The polymerization of the emulsified styrene may be initiated by any of the usual free-radical generating catalysts or agencies employed in aqueous emulsion polymerization, such as oxygen yielding compounds on the order of hydrogen peroxide, acetyl peroxide, benzoyl peroxide, di-tbutyl peroxide, and persalts on the order of the alkali and alkaline-earth metal per-sulfates, perborates, percarbonates and the like. The use oi amp from about 0.1% to 2.0% of these catalysts, based on the weight of styrene in the polymerization mass, will generally provide a sufllcient supp y of free radicals to effect a reasonable rate of polymerization. In addition, there may be employed physical means for generating free radicals such as ultraviolet light irradiation, ultrasonic vibration and ultra-high-frequency electrical waves. The temperature of the polymerization may be varied from the freezing point of the formamide polymerization medium (this may be depressed below the freezing point, 2.5 C., of pure formamide by addition of suitable antifreeze agents as set forth hereinbelow) to the boiling point of the styrene under the pressure reigning in the reaction vessel. Generally, temperatures in the range 40 to 100 C. will be preferred. The application of higher temperatures, say from 80 to 180 C. will effect thermal generation of free radicals and consequent polymerization of the styrene without the aid of special catalysts.

As noted above, the polymerization medium of this invention comprises essentially formamide. However, the formamide may be diluted with other polar liquids miscible therewith such as water, glycerol, ethylene glycol, etc., in which case the resultant products, provided that the polymerization medium contains at least 75% of formamide by weight, will have most of the advantages of the products produced with undiluted formamide. Such dilution may be desired for antifreeze purposes, as when the polymerization is to be carried out at low temperatures, or for the purpose of cheapening the polymerization medium. The polymerization medium may also contain small proportions, say up to 4 or 5%, of miscellaneous ingredients such as salts, buffering agents, modifiers, etc.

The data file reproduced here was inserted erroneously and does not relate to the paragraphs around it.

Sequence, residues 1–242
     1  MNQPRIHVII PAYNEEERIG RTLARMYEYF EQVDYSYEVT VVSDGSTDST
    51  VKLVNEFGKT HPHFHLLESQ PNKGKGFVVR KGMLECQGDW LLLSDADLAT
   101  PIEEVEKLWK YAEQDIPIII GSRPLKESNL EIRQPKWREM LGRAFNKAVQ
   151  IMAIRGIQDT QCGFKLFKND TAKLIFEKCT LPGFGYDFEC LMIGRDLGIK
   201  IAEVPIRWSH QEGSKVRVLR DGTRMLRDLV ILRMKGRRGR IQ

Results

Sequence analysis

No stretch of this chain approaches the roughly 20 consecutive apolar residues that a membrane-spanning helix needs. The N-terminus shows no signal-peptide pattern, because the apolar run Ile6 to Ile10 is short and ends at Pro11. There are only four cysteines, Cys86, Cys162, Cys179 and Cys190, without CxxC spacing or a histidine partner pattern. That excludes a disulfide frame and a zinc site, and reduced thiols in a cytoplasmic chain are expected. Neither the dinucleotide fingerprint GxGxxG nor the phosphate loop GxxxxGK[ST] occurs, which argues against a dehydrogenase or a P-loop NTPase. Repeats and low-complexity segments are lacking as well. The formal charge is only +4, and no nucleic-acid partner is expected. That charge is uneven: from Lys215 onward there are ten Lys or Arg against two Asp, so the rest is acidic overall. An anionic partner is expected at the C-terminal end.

PROPERTIES AND USES OF THE LIQUID COMPOSITIONS The products produced by polymerization as above described are liquid, free-flowing emulsions of finely divided particles of polystyrene dispersed in formamide. The SiZe of these particles is extremely small, usually ranging from about 0.5 to 6 microns in diameter. These compositions may be spread as coatings upon various surfaces, or used to impregnate porous bodies. When dried under suflicient heat (say 150 C. to 190 C.) to evaporate the formamide, the compo sitions form a continuous polystyrene phase-4. e. a smooth, clear, adherent coating in those cases where the composition is employed as a coating, or a monolithic induration where the composition is employed for impregnation purposes. This is in contrast to the behavior of polystyrene emulsions in water which, when dried under heat, yield merely powdered, or at most sintered, polystyrene. Accordingly, the compositions of this invention may be used to provide smooth, adherent coatings of polystyrene upon a wide variety of surfaces such as the common structural metals on the order of iron, simple carbon steels, aluminum, Duralumin, copper, brass and the like, cotton, wood, textile fabrics (particularly for lamination), paper, fiber-board, porcelain and many other materials.

The compositions may also have dispersed 4 there are given herewith detailed examples of the practice of thh invention.

I. Preparation of polystyrene emulsion Parts Styrene Formamide Sodium lauryl sulfate 5 Potassium persulfate 100 Example I I.Process of coating The emulsion of polystyrene prepared'as Just described in formamide was brushed onto specimens of the following materials, and dried under infra-red baking lamps for 15 minutes.

Tin plated steel Ingot iron sheet Tin plate stock Galvanized steel sheet Aluminum Brass Duralumin Bronze copper Magnesium Wood (ponderosa pine) Copper Porcelain Cast iron Paper Steel Unbleached muslin A smboth, hard, adherent film was obtained in each case. In the case of the copper, cast iron, steel, ingot iron, brass, bronze and copper sheets, a slight discoloration occurred. The coatings withstood 5 minutes exposure to boiling water without detriment.